Saturday, May 12, will be the start of National Police Week. National Police Week is a DC Metro Area gathering of officers, families, and friends of law enforcement. The gathering draws in between 25,000 to 40,000 attendees each year. It is a week unlike any other; a solemn national honoring of police officers who died in the line of duty.
This year, 129 fallen officers have been added to the memorial.
Each year I attend various memorial events. I listen to the life stories of the fallen officers, and I listen to surviving family members and affected officers. Each year, I share their pain and tears. Their loss is substantial. Their sorrow is palpable. Their broken hearts are irreparable.
This may sound strange to those of you who know what I do for a living. There is an assumption that criminal defense attorneys despise police officers, and visa versa. But this is generally untrue.
Defense attorneys are the checks and balances of law enforcement. We verify those police officers do their jobs correctly and that police power is properly exercised. My job requires a vigorous cross-examination of officer testimony to ensure that an officer’s recitation of facts is honest, that procedures were followed, that arrests were legal, and so on. Trust me when I say that I give those officers hell on the stand.
But I also respect what these officers have to do. Law enforcement is a dirty job, but it needs to be done. I’m glad I’m not the one practicing law on the street. Think of it this way: I get to wear a nice suit and argue about law enforcement in an air-conditioned room; police officers put on 20-lb duty belts, go out on the streets in 100-degree weather and physically enforce the law.
Their job lends itself to mistakes. Officers need to think very quickly on their feet and respond proportionately to each danger. Mistakes are bound to happen. No law enforcement department is error-proof, and officers have a lot of power on the streets that is not always correctly exercised. (That’s a big part of the reason why my job exists in the first place.) But an overwhelming majority of police officers in the United States do a great job on the streets. We need to give credit where it’s due.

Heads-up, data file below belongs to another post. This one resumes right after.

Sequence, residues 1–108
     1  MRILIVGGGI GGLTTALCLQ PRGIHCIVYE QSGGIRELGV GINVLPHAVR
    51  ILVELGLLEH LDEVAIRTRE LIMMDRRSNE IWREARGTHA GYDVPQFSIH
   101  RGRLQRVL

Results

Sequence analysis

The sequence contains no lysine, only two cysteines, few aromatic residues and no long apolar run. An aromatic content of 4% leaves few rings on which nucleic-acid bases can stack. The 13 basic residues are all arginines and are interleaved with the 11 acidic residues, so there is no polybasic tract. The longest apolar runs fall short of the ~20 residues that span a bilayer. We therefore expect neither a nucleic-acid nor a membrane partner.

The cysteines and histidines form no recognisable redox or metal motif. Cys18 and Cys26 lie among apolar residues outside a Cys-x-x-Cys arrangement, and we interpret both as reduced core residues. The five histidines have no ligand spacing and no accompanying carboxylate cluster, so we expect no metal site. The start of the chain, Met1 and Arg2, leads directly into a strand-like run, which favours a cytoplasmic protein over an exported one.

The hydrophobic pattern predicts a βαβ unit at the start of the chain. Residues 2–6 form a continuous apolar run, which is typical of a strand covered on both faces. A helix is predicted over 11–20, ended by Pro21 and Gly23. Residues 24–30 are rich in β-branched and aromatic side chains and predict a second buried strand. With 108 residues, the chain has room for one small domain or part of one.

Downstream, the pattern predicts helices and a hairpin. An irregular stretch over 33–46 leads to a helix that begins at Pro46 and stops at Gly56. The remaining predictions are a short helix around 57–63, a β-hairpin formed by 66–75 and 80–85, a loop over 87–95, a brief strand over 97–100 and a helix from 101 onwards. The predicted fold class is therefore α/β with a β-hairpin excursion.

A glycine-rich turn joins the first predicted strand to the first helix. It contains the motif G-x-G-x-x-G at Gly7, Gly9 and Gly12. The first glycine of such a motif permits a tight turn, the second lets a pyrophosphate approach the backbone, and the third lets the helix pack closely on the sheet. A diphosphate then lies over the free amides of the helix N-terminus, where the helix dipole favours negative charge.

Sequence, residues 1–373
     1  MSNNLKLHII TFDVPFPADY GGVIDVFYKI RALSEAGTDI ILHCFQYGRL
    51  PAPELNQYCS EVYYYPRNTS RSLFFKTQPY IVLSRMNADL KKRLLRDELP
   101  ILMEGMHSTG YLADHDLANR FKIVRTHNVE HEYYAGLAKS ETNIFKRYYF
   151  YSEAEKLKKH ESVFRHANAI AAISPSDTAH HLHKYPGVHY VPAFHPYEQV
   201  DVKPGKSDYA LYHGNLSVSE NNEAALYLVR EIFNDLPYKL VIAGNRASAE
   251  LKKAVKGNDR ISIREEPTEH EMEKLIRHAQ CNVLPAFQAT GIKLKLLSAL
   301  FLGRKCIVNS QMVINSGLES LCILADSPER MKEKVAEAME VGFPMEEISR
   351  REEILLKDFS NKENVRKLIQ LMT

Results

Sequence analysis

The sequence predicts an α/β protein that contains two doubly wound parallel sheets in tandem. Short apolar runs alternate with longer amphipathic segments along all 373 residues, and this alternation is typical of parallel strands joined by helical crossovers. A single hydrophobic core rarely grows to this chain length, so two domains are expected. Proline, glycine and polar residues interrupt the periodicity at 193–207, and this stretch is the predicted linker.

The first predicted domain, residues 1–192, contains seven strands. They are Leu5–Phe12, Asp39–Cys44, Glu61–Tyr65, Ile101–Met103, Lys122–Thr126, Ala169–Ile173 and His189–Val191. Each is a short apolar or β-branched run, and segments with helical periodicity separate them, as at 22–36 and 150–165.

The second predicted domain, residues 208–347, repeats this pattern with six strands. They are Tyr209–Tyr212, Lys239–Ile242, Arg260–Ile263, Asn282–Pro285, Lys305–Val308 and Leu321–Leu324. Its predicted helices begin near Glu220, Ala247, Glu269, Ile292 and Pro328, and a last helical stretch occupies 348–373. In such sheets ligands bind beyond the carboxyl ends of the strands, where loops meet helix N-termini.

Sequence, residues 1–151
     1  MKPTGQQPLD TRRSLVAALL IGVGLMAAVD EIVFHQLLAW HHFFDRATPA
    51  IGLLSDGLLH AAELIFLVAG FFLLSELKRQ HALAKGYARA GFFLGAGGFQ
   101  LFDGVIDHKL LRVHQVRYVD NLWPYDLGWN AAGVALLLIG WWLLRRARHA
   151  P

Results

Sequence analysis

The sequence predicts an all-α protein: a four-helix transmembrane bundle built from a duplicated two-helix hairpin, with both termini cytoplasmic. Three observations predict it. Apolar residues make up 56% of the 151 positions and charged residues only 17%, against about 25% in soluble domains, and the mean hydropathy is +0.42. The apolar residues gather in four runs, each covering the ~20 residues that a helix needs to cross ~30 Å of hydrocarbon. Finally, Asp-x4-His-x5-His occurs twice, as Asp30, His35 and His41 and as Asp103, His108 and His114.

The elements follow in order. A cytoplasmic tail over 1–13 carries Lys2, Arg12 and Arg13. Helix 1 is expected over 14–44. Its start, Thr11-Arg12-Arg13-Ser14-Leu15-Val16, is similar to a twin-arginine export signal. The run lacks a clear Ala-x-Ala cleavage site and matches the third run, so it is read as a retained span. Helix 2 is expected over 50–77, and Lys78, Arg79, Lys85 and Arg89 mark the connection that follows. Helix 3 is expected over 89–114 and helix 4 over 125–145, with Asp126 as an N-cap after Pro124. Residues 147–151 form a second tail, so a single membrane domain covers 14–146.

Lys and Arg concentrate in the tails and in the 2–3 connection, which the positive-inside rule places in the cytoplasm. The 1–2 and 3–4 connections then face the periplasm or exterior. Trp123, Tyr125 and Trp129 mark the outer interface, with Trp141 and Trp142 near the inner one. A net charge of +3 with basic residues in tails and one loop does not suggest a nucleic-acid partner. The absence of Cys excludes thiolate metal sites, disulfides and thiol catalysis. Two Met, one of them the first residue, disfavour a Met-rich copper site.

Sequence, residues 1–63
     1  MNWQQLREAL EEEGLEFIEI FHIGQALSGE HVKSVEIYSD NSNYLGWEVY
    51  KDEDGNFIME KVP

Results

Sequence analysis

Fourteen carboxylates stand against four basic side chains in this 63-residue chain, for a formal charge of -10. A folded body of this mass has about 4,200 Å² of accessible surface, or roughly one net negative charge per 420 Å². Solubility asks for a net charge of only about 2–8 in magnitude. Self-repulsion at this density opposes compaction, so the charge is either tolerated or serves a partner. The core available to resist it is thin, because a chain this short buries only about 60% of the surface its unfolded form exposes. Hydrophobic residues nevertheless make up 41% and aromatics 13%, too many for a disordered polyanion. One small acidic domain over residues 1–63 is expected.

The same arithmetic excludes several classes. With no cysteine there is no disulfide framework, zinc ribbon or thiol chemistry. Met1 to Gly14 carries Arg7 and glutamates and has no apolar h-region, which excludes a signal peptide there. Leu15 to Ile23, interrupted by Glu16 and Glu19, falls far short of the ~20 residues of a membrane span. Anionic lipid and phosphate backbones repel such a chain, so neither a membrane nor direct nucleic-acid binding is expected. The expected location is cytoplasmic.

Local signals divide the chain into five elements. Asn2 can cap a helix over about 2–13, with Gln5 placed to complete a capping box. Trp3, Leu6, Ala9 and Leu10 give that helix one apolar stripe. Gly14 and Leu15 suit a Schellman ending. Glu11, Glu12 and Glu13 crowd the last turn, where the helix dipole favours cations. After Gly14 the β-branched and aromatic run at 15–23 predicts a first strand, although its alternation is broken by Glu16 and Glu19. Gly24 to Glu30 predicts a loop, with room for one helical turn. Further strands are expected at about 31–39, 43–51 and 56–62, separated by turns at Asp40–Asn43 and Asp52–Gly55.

Which brings me back to National Police Week. It is heartbreaking to realize that many of the officers who were killed in the United States were killed merely because of the job they chose. According to officers, their killers were empowered by politicians and the media. That is a hard pill to swallow - the realization that politics is fueling hatred that has materialized into murder. Law enforcement has gone from a respected career to a political bullseye.
Law enforcement needs to be checked in the courts, not on the streets. Not through murder. The concept of a lawful, justice-system response, to whatever police wrongdoing one may claim, needs to be responsibly communicated to the public by the media and by politicians. For National Police Week we need to remind the public that police officers are an integral part of our community and that we need to respect them and the challenging work that they do.
Police officers perform a necessary job. If you believe they are evil, then they are a necessary evil. For there is no society without enforcement of laws.
Respect law enforcement. Respect our legal system.
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